The fall of Fort Sumter on April 13 removed all uncertainty as to what the future held, and the involvement of the state militia began as soon as President Lincoln’s proclamation calling for the mobilization of 75,000 troops was announced on April 15. In Albany, the legislature was still in session, and it acted promptly to create a State Military Board composed of the governor, the lieutenant governor, the secretary of state, the comptroller, the state engineer, and the state treasurer. The board acted to accept into the service of the state, in addition to and as initial part of the militia, thirty thousand volunteers for two-year enlistments (for the purposes of this article, old-style Volunteer Militia units will be referred to as such, while the wartime volunteer regiments, such as the new thirty-eight regiments, will bear the designation “Volunteers”). These volunteer infantry regiments, which were numbered in a new sequence commencing with “1,” began the volunteer series that totaled 194 in the end. The resultant duplication of regimental numbers between militia and volunteers caused some confusion and much vexation, especially in those prewar militia regiments that were forced to give up their old designations when they later volunteered for three-years’ active service. Thus, the 8th New York Militia Regiment served alongside the 8th New York Volunteers at First Bull Run. The confusion that situation caused can be easily imagined. The operation of organizing those new volunteer units, however, would take time, and Governor Morgan now had to decide how best to carry out the president’s immediate requirement for seventeen militia regiments from New York.6 On April 16, the legislature passed “An Act to Authorize the Embodying and Equipment of a Volunteer Militia and to Provide for the Public Defense.” In this first increment, only eleven regiments of the state militia mobilized with an aggregate total of 7,334 officers and men.7 Some serious problems presented themselves to the State Military Board, since only two militia organizations were fully equipped and ready to march: the 5th and 7th Regiments. The remaining units were generally insufficiently uniformed and equipped. For example, the 69th Regiment— scheduled to depart on April 23—had only 380 uniforms for 1,050 men. Even the 7th Regiment required assistance, and on April 17 the merchants of New York City met in their Chamber of Commerce, where thirty-one gentlemen each pledged $100 for the “equipment of the Regiment for active service.” At this meeting the New York Stock Exchange also contributed $1,000. The designated militia regiments were gripped by great excitement. Regiments turned away significant numbers of willing recruits as the war fever overwhelmed the city, already dazzled by a number of mass patriotic rallies.8 May/June 2008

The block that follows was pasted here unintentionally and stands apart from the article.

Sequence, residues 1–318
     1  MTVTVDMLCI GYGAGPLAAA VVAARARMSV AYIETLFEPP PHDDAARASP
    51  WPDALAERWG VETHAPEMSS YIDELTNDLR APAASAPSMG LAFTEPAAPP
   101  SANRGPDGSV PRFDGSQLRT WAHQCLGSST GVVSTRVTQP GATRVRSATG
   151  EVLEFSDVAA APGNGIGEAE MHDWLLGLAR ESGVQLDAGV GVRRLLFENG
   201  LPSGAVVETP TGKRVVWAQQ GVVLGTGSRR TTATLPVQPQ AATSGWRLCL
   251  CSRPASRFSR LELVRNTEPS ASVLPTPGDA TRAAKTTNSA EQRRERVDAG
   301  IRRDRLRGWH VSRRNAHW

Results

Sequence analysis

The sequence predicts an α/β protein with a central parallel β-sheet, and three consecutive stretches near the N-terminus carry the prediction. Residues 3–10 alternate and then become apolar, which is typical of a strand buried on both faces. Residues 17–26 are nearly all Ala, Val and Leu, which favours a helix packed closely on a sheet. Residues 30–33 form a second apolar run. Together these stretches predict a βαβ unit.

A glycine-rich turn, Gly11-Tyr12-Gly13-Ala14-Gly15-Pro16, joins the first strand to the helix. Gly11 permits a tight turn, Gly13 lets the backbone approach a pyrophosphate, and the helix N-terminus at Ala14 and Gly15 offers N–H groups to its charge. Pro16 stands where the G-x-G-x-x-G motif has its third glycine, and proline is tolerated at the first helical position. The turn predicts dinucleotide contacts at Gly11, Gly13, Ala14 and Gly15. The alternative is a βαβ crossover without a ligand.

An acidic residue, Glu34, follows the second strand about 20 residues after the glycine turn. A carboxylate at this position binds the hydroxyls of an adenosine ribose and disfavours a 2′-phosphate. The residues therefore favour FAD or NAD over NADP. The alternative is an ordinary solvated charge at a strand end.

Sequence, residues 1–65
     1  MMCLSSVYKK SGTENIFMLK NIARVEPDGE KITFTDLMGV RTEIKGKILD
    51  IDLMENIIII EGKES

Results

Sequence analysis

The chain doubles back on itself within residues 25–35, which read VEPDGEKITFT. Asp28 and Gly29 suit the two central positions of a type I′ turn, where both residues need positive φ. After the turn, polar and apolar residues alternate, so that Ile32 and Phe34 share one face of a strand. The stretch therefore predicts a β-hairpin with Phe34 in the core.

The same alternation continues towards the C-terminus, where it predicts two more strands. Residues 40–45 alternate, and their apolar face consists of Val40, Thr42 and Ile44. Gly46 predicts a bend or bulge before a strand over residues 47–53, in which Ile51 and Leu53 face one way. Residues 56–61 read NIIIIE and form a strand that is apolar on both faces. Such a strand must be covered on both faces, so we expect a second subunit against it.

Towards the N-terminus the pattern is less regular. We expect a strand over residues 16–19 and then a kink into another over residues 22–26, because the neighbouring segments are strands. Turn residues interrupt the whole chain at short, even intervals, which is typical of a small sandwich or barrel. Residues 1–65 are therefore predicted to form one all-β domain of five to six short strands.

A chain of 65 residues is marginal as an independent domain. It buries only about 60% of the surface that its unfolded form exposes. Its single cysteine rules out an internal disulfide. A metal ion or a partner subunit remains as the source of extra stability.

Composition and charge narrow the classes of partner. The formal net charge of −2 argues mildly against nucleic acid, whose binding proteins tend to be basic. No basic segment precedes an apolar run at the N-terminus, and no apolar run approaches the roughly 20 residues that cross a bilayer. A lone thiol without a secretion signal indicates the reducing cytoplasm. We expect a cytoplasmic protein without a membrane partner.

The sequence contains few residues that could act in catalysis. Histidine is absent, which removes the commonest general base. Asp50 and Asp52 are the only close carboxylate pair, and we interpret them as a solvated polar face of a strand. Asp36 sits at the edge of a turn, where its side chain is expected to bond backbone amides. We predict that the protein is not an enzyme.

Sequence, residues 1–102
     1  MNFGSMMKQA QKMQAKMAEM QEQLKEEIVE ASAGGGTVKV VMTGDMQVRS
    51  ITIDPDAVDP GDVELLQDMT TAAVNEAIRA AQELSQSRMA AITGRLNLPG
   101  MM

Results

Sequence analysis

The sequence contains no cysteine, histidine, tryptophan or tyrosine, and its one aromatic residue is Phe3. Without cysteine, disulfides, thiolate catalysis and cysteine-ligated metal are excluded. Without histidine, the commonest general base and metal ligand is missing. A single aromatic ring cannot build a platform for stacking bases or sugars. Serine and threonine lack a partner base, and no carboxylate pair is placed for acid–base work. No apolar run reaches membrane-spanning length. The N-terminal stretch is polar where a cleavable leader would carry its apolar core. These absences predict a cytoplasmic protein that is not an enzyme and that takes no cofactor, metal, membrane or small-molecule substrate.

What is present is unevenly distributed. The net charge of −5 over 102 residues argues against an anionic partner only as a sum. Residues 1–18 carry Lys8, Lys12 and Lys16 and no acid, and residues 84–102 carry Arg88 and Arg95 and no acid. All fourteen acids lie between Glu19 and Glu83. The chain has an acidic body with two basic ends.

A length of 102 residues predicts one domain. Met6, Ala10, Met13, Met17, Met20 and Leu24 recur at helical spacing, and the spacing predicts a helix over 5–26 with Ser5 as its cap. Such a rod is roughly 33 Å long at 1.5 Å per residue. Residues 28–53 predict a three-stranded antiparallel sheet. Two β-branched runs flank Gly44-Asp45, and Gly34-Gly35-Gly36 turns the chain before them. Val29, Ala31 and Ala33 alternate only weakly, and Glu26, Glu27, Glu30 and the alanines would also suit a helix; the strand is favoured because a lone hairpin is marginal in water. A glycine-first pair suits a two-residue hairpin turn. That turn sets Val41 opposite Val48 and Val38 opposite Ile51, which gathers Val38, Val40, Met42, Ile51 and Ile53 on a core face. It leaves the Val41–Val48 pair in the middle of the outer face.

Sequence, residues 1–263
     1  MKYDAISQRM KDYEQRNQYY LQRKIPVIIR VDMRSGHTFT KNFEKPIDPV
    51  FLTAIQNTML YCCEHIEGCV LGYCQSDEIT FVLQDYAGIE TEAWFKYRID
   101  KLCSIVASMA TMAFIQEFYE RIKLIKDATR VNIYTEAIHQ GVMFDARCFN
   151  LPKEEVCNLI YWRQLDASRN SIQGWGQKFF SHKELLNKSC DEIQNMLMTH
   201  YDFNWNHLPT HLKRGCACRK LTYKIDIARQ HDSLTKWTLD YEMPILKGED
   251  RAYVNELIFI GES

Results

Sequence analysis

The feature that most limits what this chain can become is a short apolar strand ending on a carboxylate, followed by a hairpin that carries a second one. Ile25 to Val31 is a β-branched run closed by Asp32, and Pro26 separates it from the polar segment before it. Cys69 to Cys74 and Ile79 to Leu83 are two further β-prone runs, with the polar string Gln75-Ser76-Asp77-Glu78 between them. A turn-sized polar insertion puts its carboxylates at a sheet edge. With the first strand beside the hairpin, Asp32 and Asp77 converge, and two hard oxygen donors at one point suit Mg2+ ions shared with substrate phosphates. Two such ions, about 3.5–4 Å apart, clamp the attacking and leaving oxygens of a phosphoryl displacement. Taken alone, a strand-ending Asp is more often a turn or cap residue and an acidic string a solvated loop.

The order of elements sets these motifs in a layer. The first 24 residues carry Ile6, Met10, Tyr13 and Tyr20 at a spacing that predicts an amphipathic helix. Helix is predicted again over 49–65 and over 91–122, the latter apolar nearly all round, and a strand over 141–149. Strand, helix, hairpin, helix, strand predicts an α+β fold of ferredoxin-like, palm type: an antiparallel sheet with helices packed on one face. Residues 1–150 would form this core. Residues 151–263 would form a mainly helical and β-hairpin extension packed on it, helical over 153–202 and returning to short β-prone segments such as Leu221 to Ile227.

The 7th Regiment departs for the war, April 19, 1861 New York Historical Society